Every one of these systems should be equipped with a force regen function. When the soot load is over say 50% or within maybe 25% of the regeneration trigger setpoint, a person could force a regen.

I fully believe that most of the issues people have with the DPF and it's related parts and pieces has more than a little to do with incompleted regens.
 

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I just took delivery of my 2021 JLURD on Friday. It had 21 miles on it at the dealer, and I drove it 40 miles home at speeds of 65-80 mph. When I got home I plugged in a Scangauge to check soot levels - 63% full. [for all I know the soot level was worse when I first took delivery and it burnt itself down to 63% as I was driving home]

Question: if the Jeep needs to go in regeneration mode to get the soot levels down what are the implications? Is this simply a case where it will use more fuel during the it-reached-80% mode - or - is there a more sinister repercussion down the road? If I'm not concerned about the fuel usage issue during regeneration, is all well otherwise? In other words, is life with regenerations okay?
I could be off on this but have relative experience to back it up, although not with a diesel vehicle. The speed at which you drove is not really all that relevant but more the “load” on the engine. In diesel generator terms, when one is lightly loaded soot builds up quicker because of both the lower temperature of the exhaust as well as the pressure to push it through the system including the DPF. The greater the “load” on your vehicle, the less likely you are to “wet-stack” it. Idling, constant lower rpm running for longer periods of time and such are going to cause the engine to build up spot much quicker. Like others have posted, the regen is necessary to sort of reset the system so that it doesn’t lead to clogged egr coolers. And yes, DPFs will eventually wear out and will either need to be replaced or you can have them “cleaned” to get a bit more life out of them. Hope this helps and I’m not sending people down another spiral.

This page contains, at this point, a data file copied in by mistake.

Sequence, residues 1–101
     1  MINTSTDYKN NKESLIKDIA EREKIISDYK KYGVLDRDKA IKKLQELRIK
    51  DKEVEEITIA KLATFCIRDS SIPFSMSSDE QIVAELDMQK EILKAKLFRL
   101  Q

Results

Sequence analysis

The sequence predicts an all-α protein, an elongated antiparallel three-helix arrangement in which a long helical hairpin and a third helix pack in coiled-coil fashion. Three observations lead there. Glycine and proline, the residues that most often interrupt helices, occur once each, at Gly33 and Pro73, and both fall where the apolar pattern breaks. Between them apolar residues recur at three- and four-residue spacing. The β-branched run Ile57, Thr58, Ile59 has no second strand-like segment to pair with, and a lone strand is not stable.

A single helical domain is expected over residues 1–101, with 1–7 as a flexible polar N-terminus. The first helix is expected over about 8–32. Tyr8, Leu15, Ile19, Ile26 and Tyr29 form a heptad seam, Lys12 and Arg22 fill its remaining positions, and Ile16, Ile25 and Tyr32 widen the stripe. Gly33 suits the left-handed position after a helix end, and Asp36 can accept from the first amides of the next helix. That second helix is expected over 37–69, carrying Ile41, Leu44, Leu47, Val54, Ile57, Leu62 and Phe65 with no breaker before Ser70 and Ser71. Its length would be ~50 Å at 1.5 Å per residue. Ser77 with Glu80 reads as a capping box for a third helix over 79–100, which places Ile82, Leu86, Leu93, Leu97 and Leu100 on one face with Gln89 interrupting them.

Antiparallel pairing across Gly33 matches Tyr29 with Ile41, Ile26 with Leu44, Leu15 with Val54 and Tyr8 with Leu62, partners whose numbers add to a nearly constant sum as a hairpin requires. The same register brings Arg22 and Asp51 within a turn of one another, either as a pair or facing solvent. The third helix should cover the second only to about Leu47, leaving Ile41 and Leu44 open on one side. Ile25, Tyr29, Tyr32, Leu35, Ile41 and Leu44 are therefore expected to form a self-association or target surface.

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rickinAZ

rickinAZ

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The speed at which you drove is not really all that relevant but more the “load” on the engine.
I totally get exactly what you're saying, but a question: I was going 80mph for 40 miles while it's 104 degrees out - that seems like the highest load that can be reasonably put on the vehicle, short of pulling a trailer uphill. And...it seems like most people won't be doing that (trailer uphill) on a weekly basis.

That said, it seems like all of the feedback is, regeneration is not a bad thing, and don't expect the DPF to last more than 100K miles. I can live with that.
 

Lab1